Harry Potter Query: First Years

Warning: this post may not be thrilling to you if you are not interested in/curious about Harry Potter minutia.

I'm busy rereading Harry Potter, and moving rather slowly. I have no particular deadline in mind, but thought it would be a good time to get reacquainted with the books. It has been a while. I used to reread each book as the next came out, resulting in my reading the first Harry Potters many times more than I read the later ones. I anticipate a few "No way!" moments when I get down the line, but for now I'm meandering through Harry Potter and the Sorcerer's Stone.

It's an interesting read, especially considering how many things J. K. Rowling brought back in later books. I'm sure there have been interviews on this, but did she really plot out every book that carefully, in advance? It seems just a little insane -- certainly I'm nowhere near that as a writer.

Anyway, here's one question that just occurred to me as I was reading the bit about Harry and company being sorted into their respective Houses. (I'm hoping that another rabid fan out there may be able to answer/clarify this point...) The narrative states that when Harry and his Gryffindor crew hop up to the dormitory for the first time, there is a room with five beds in it, one for each of the boys. I assume that this means there were only five male Gryffindor first years that year: Harry, Ron, Seamus, Neville, and Dean.

Carrying this further (based on the number of brooms present at the first flying lesson: twenty, for the Gryffindor and Slytherin first years combined), there are a: exactly five female first years per House, and b: exactly ten first years total per House. This comes out (assuming a 100% retention rate) to seventy students per House, two hundred and eighty students in the entire school.

Was this obvious to everyone else? Was I just being silly when I was thinking that we only focused on a few Hogwarts students per year, and there were many more who simply weren't that important? (Because this means that each student is much more important than I previously gave them credit for...)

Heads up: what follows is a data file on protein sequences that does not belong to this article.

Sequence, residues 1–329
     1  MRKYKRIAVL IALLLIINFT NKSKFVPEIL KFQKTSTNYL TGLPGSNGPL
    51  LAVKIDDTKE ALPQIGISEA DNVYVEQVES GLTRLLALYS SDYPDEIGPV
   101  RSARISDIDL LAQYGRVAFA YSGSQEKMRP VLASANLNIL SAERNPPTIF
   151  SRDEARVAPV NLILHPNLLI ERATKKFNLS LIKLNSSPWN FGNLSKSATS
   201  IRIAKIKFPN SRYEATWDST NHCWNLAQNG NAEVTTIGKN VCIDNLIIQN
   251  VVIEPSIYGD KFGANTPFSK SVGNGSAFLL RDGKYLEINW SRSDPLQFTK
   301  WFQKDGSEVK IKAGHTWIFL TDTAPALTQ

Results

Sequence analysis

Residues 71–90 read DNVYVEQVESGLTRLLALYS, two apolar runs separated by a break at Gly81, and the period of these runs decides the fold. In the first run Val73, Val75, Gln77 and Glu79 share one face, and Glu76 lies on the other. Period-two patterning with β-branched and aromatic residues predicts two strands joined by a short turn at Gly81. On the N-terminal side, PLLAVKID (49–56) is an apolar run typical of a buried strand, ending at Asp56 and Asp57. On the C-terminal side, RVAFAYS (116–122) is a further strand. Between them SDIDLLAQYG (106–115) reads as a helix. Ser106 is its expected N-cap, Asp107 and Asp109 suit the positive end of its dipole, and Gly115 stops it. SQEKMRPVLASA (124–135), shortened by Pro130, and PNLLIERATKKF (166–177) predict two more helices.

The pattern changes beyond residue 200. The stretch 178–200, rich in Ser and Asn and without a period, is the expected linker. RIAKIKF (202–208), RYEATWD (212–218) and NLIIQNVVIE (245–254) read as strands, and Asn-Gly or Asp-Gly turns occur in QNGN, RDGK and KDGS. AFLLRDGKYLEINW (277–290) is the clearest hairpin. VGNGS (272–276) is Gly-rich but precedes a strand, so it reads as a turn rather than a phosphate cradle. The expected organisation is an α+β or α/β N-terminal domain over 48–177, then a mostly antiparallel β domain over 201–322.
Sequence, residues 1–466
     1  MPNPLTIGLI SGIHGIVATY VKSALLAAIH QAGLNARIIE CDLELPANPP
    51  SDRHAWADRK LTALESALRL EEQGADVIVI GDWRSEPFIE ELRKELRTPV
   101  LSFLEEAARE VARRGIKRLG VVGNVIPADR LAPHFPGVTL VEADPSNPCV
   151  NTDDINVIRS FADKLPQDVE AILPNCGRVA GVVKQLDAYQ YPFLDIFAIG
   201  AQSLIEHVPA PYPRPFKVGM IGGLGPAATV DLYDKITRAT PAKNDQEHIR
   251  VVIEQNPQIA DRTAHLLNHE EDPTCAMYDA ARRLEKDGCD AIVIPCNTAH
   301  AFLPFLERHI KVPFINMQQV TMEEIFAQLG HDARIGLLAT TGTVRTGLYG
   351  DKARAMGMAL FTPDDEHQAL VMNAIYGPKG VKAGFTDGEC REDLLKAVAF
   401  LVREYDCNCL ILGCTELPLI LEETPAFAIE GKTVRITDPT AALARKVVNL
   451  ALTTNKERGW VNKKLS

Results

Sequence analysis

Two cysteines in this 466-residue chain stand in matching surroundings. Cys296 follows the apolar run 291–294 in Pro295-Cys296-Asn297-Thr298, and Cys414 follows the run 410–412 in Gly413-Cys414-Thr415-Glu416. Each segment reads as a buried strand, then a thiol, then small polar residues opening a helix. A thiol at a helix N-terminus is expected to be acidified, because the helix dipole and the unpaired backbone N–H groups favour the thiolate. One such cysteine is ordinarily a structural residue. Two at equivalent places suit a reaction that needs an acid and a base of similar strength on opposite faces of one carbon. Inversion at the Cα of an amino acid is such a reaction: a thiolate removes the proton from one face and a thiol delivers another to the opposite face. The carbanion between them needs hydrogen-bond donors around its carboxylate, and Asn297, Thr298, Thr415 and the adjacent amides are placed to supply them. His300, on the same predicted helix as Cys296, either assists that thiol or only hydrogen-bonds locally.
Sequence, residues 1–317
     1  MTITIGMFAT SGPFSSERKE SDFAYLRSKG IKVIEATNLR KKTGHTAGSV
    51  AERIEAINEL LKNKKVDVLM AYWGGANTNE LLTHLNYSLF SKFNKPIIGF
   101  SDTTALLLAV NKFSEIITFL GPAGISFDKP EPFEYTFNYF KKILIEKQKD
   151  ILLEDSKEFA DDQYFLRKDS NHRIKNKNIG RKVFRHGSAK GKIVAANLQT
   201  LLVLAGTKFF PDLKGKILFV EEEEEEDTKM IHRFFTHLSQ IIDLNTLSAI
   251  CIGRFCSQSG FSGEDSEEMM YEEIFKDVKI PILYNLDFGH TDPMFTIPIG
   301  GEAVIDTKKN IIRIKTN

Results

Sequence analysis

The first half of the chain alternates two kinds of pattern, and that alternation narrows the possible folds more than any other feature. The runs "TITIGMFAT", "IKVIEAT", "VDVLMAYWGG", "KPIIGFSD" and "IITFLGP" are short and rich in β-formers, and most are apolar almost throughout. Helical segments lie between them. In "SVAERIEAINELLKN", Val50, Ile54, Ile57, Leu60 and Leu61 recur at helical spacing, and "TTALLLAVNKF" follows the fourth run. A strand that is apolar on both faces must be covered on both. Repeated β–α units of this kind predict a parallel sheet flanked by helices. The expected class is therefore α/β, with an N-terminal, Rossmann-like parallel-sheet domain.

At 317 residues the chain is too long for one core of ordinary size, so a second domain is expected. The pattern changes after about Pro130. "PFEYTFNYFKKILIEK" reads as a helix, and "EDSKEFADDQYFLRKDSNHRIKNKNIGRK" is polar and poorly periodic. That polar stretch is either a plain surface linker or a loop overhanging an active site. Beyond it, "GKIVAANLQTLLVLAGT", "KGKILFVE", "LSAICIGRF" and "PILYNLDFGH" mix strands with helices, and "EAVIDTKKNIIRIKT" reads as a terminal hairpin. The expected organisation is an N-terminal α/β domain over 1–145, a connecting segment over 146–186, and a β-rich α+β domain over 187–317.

Anyway, that's not my actual question. My question is, then: If the five and ten student quotas are set, then doesn't that mean the Sorting Hat has two tasks? First, to sort the students into their appropriate Houses, and second, to fill the quota? And if the Sorting Hat must fill the quota, then what happens if there are more students appropriate for a certain House than there are spaces? One assumes that the Sorting Hat reads your true nature and places you appropriately, but if there is a quota on how many students are sorted into each House, can this be absolutely true? OR, does this mean that admissions letters are sent to the appropriate batch of students in the first place, and the Sorting Hat is just reaffirming what the professors (or admissions committee, or whatever) knew already about which students will end up in which House?

Of course, the free-wheeling, all-powerful nature of the Sorting Hat is touted from Sorcerer's Stone onward, so it doesn't make much sense that the Sorting Hat is just reaffirming something that's already known. But if the Sorting Hat is really free to choose (and if the students, like Harry, have some say about which is their House), then how can that be reconciled with the strict ten students per year quota that seems to be in place? (This assumption follows from the fact that both Gryffindor and Slytherin have exactly ten students in the first year, five male and five female.)

Anyone have any thoughts? Or am I just taking this way too far? (By the way, Happy Fourth of July and all that.)